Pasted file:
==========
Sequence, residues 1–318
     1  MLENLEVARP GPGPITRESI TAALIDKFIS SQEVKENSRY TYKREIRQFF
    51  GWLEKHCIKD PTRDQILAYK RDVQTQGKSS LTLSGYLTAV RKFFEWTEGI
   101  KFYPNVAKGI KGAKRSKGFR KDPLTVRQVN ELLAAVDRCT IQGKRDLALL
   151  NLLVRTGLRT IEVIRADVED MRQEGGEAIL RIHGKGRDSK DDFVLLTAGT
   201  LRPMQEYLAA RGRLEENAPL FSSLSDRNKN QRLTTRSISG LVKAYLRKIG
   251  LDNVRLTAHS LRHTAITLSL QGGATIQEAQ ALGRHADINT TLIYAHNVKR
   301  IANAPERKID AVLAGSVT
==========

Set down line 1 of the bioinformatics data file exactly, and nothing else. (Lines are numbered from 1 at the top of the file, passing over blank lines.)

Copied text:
Sequence, residues 1–318